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LeBron James After His House Was Tagged With A Racial Slur: "Being Black In America Is Tough"

The Cavaliers star said he was saddened to be addressing racial issues on the eve of a great sporting event like the NBA Finals.

Posted on May 31, 2017, at 7:36 p.m. ET

Marcio Jose Sanchez / AP

NBA star LeBron James on Wednesday addressed a racial slur that was found hours earlier tagged on the front gate of his Los Angeles home, telling reporters that "being black in America is tough" no matter how famous you are.

Los Angeles police told BuzzFeed News an investigation remains ongoing after the department received a call early Wednesday regarding vandalism at James' Brentwood house. When officers responded at 6:45 a.m., the slur had already been painted over, LAPD spokeswoman Irma Mota said.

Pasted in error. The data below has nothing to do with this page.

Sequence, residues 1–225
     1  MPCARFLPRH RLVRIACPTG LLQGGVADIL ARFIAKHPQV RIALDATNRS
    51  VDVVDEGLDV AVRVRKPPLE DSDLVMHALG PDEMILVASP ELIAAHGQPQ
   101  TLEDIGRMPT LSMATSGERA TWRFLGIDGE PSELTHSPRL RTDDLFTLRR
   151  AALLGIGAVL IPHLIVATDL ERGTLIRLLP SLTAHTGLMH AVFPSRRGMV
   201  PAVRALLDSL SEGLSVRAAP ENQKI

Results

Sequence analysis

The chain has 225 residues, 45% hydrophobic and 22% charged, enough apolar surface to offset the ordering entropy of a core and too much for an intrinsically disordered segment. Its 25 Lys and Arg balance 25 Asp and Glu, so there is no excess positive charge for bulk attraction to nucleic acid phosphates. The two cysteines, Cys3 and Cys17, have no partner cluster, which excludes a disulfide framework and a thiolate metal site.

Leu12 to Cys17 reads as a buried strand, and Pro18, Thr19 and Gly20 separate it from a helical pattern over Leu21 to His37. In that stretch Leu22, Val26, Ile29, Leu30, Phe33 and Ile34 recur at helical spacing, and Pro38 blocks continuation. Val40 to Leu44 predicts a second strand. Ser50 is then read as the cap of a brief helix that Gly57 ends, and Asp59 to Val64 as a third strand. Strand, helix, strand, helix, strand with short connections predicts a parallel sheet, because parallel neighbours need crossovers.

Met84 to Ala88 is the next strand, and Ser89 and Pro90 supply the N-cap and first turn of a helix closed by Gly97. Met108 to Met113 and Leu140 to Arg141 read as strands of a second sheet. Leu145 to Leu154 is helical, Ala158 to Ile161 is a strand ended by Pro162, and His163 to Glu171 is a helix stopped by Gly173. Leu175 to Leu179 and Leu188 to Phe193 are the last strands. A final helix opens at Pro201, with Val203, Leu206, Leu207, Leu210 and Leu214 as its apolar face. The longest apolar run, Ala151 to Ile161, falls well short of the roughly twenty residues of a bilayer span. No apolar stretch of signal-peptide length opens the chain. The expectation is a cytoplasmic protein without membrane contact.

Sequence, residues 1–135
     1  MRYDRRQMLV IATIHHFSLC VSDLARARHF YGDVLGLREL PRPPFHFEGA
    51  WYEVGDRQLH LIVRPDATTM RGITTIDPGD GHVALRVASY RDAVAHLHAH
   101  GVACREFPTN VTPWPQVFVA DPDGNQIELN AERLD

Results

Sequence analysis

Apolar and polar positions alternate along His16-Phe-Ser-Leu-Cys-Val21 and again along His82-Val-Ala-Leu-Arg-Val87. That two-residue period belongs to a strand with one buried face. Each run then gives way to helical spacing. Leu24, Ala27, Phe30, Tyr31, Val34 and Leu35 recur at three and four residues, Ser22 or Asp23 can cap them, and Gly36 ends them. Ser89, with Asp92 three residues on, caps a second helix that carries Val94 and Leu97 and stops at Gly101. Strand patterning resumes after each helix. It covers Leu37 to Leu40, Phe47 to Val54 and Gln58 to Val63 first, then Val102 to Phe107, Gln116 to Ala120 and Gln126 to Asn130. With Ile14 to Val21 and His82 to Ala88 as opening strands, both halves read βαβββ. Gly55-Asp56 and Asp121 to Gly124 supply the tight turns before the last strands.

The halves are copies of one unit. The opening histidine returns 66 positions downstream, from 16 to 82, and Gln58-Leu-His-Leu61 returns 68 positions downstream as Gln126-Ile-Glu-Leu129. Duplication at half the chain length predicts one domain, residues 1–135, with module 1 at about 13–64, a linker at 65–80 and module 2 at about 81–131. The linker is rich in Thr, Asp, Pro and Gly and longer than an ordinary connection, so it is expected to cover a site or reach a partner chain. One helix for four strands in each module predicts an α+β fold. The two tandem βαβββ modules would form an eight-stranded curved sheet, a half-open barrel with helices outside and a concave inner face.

Police did not disclose what the slur was, but a source told the Los Angeles Times it was the n-word.

Speaking at a news conference in the Bay Area, where his team, the Cleveland Cavaliers, will play the Golden State Warriors in the first game of the NBA Finals, James said he was saddened that on the eve of one of the greatest sporting events, he was sitting in front of the cameras discussing racial issues.

"No matter how much money you have, no matter how famous you are, no matter how many people admire you, being black in America is tough," James said. "We got a long way to go for us as a society, and for us as African-Americans, until we feel equal in America."

LeBron James responds to the vandalism incident at his home

Still, he added, if the vandalism incident keeps the conversation about racial problems going, he was at least "OK with that."

"It just goes to show that racism will always be part of the world, part of America," James said. "Hate in America, especially for African-Americans, is living every day, even though it is concealed most of the time.

"We know people hide their faces and will say things about you, and when they see you, they will smile in your face. It’s alive every single day."

A BuzzFeed News investigation, in partnership with the International Consortium of Investigative Journalists, based on thousands of documents the government didn't want you to see.